Manufacturing Sales Report - August 2017

Manufacturing sales rise as Ontario auto production resumes

August was a rebound month for Canadian manufacturing as a recovery in the auto sector drove overall production higher. Motor vehicles and parts production were hit hard in July as extended summertime shutdowns and the shift of an assembly line to Mexico caused a dramatic decline in output that month. Auto production enjoyed a partial recovery in August, enough to drive nation-wide manufacturing sales up by 1.6 per cent to $53.5 billion - enough to regain about 60 per cent of July's losses.

Although monthly output remains below the recent $55.0 billion peak set in May, production is still tracking well above 2016 levels. Manufacturing sales in August were about 4.3 per cent higher than they were during the same month last year and total sales through eight months are tracking 6.4 per cent higher compared to the same period in 2016.

The short-term outlook for manufacturing also saw a modest boost in August, led by a spike in new aerospace orders. New manufacturing orders had been slipping since April, but rose by 4.4 per cent in August, led by a $1.8 billion jump in the aerospace sector. New orders outside of aerospace were up only slightly, however, increasing by about 0.5 per cent. Meanwhile, there was little change in producers' inventories or in the value of unfilled orders still on the books.

The main story in August was once again in the motor vehicles and parts industry. After dropping by more than 16 per cent in July, production rebounded a month later, rising by almost 10 per cent. That partial recovery ($742 million) accounted for about 88 per cent of national manufacturing sales growth in August ($847 million).

Outside of motor vehicles and parts, results were mixed in August. Leading the way on the positive side were machinery producers, who saw output rise by 4.0 per cent after dipping in July. In fact, machinery production has been one of the bright spots of the Canadian manufacturing sector this year. Output in that industry was hit hard when oil prices fell, falling by about 21 per cent from the end of 2014 to mid-2016. Since that time, output has recovered strongly and, at $3.2 billion in August, is sitting at its highest level since November 2011.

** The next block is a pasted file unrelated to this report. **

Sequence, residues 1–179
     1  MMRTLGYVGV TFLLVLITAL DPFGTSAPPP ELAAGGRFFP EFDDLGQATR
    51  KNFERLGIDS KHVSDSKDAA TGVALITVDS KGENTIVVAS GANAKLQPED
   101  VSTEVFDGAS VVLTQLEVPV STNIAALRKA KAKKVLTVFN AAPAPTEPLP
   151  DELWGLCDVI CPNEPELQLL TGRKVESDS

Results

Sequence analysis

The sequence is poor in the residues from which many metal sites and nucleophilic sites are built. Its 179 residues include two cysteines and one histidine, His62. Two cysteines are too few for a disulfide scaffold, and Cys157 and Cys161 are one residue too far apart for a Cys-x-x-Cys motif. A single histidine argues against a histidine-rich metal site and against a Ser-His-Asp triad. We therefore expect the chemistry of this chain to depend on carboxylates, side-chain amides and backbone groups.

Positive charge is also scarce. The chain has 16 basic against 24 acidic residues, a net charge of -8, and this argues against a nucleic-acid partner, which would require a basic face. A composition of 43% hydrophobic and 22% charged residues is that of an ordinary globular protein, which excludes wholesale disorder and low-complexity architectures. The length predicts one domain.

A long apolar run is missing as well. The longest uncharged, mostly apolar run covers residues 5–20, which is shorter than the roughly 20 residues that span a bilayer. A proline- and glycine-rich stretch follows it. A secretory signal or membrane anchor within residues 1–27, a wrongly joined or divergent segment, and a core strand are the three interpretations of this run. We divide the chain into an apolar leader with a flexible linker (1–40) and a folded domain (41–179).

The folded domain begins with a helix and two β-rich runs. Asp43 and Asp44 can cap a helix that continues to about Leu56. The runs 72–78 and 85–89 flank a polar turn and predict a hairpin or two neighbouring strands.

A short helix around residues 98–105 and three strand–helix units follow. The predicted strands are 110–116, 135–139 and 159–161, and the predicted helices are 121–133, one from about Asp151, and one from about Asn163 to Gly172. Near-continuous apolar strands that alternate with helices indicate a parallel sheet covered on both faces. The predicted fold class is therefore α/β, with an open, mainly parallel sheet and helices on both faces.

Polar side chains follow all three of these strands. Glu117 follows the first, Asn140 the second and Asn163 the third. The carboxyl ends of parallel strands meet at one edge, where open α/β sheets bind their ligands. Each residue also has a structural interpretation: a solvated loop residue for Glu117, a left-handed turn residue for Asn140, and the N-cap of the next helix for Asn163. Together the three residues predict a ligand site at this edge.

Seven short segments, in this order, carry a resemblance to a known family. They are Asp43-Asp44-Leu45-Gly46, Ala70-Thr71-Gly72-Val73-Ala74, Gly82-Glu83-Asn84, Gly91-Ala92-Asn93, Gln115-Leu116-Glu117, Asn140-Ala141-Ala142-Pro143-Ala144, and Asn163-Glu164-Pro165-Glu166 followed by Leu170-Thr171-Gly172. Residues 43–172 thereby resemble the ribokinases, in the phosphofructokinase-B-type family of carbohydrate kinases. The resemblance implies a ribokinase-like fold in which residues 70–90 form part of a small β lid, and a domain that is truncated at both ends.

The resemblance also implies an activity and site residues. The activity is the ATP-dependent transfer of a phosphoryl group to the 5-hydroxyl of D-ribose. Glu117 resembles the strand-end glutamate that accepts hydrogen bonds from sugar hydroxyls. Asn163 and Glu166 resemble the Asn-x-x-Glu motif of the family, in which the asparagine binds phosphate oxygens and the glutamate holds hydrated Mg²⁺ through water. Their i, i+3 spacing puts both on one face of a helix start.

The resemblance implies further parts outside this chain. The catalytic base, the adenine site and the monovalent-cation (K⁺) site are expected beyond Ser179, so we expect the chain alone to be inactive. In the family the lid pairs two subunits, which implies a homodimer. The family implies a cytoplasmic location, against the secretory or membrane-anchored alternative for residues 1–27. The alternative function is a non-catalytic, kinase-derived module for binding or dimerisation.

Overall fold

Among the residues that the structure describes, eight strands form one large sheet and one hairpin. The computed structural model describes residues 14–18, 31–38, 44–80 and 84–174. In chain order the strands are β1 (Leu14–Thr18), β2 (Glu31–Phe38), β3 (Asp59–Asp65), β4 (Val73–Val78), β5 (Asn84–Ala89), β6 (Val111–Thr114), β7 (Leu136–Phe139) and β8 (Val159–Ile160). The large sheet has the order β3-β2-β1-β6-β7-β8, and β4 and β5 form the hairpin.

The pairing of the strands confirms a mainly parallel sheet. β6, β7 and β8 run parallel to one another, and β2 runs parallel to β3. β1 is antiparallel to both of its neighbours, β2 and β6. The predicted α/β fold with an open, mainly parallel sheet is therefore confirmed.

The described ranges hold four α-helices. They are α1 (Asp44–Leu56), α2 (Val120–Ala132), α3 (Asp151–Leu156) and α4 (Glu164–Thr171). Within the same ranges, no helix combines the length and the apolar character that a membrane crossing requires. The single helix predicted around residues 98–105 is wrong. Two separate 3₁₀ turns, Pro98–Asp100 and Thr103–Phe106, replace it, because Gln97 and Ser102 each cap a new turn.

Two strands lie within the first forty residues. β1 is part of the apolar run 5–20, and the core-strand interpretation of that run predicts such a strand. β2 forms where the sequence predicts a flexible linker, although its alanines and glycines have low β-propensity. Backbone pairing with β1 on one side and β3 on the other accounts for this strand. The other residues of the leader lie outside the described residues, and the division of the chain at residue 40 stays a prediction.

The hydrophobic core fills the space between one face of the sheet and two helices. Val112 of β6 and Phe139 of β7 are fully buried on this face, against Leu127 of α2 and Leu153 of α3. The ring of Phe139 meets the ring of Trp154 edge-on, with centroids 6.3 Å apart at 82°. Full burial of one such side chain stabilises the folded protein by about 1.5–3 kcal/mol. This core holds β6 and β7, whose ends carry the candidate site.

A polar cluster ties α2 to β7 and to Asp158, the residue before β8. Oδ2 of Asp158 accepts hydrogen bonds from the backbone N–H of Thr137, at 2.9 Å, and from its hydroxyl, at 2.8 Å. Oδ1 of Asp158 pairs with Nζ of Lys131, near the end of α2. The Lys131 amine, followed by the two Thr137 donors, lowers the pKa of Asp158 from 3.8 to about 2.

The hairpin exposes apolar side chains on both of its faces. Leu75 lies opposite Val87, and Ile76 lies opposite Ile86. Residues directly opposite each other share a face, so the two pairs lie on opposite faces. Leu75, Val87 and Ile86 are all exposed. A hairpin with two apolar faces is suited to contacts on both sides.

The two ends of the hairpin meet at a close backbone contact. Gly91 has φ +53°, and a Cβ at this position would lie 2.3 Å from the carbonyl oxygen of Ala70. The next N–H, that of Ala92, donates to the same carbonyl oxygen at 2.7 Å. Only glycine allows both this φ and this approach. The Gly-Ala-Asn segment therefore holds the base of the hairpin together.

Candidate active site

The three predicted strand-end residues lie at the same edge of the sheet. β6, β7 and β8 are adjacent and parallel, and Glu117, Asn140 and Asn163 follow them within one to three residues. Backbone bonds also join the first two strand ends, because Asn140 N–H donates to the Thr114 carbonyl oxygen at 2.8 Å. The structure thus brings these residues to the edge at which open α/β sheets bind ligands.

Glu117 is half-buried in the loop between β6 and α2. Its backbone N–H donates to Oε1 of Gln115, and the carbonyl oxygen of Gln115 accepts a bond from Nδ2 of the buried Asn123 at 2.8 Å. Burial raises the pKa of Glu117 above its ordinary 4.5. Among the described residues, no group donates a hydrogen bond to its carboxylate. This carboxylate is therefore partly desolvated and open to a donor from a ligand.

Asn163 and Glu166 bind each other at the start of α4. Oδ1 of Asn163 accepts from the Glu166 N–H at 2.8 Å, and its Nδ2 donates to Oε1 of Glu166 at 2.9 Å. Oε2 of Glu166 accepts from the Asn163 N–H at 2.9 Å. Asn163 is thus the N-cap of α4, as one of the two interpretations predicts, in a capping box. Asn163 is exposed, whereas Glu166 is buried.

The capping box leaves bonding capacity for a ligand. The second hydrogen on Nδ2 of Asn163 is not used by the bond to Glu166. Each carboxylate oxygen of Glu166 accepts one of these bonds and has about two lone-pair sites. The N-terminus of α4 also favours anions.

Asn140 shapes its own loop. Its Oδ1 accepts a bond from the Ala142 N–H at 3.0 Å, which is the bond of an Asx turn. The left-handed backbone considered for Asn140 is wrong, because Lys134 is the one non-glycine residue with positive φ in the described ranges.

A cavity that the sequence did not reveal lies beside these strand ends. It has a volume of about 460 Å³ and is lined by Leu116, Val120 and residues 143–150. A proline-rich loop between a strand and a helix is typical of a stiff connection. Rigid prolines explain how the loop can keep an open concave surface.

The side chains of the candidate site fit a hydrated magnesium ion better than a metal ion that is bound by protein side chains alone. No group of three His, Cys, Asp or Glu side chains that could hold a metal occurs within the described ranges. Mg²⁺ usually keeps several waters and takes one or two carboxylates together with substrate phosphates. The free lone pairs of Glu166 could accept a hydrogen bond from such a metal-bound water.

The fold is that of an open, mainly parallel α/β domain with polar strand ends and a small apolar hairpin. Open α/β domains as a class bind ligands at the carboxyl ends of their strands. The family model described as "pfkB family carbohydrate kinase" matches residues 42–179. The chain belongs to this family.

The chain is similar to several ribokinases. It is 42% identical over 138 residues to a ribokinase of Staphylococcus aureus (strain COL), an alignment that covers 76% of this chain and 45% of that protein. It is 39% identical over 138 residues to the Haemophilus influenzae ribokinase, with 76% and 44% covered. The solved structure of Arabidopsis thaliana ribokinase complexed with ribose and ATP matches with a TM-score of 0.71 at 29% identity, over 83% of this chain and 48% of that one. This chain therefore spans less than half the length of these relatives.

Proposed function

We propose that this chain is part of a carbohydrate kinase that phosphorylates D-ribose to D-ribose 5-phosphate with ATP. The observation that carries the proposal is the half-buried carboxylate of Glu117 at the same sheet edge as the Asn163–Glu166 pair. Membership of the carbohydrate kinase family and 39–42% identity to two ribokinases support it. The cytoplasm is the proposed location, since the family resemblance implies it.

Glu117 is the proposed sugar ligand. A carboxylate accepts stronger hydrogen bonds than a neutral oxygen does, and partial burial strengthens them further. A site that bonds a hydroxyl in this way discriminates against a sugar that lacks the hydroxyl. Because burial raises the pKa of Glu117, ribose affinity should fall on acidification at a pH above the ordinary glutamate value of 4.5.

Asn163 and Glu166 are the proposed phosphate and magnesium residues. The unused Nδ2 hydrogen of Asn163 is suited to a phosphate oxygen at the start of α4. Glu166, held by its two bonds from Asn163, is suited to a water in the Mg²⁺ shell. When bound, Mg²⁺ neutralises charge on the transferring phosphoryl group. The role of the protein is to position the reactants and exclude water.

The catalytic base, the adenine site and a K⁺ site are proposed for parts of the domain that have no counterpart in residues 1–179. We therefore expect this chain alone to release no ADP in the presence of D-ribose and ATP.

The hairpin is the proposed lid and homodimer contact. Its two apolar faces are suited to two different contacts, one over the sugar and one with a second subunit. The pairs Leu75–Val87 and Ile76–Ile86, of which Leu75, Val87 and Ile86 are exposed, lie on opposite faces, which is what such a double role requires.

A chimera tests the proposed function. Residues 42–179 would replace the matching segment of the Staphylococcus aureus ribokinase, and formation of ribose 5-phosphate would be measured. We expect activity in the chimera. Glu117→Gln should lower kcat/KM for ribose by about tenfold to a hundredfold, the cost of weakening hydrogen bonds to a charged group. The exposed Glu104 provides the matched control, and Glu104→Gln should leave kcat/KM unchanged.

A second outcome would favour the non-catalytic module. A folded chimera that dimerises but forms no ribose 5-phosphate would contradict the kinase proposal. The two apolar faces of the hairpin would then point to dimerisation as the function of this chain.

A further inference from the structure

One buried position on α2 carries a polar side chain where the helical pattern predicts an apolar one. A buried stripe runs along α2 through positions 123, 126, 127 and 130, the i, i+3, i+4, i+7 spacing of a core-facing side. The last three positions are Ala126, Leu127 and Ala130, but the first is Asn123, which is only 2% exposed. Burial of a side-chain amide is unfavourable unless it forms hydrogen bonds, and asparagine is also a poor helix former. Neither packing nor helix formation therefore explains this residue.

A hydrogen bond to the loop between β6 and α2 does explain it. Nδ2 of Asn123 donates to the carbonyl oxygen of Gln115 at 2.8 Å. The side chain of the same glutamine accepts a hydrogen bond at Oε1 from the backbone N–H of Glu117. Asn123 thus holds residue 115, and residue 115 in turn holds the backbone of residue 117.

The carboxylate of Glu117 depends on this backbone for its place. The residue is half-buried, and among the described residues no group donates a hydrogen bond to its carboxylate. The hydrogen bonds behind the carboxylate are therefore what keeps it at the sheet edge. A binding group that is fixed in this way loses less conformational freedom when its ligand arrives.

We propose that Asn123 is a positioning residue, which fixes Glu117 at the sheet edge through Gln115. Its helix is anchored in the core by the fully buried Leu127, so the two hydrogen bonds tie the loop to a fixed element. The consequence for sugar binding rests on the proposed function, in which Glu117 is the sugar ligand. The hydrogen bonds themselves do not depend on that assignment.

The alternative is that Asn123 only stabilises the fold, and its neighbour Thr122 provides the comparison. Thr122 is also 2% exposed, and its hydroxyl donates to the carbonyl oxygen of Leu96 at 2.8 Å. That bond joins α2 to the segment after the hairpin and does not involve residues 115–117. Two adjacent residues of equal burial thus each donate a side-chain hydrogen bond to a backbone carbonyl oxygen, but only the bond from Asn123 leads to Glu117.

In addition to the auto sector and machinery, manufacturing activity was also stronger in petroleum refining (up 3.2 per cent), primary metals (3.1 per cent), aerospace (2.7 per cent) and wood products (1.6 per cent).

On the down side, chemicals production fell by 3.6 per cent on lower petrochemicals output, while sales of paper products (down 2.0 per cent) and plastics and rubber products (1.9 per cent) were also lower.

At the provincial level, the concentration of automobile and parts production in Ontario meant that that province was the primary growth driver in August. A month earlier, provincial output was hit hard by the auto plant closures, dropping by 6.1 per cent. August saw Ontario regain some of those losses, as total production rose by about 2.8 per cent. However, at $24.9 billion, output in the province is still well below the recent peak of $2.6 billion in May.

Outside of Ontario, most provinces saw manufacturing sales increase in August. By far the largest gains were in Newfoundland and Labrador, where sales jumped by 10.7 per cent after two months of decline. PEI and New Brunswick also made gains that month, while Alberta and BC both partially recovered their losses in July. On the down side, manufacturing output was lower in Manitoba and Nova Scotia - down 1.5 per cent and 1.2 per cent, respectively. Meanwhile, sales were effectively flat in Quebec and Saskatchewan.


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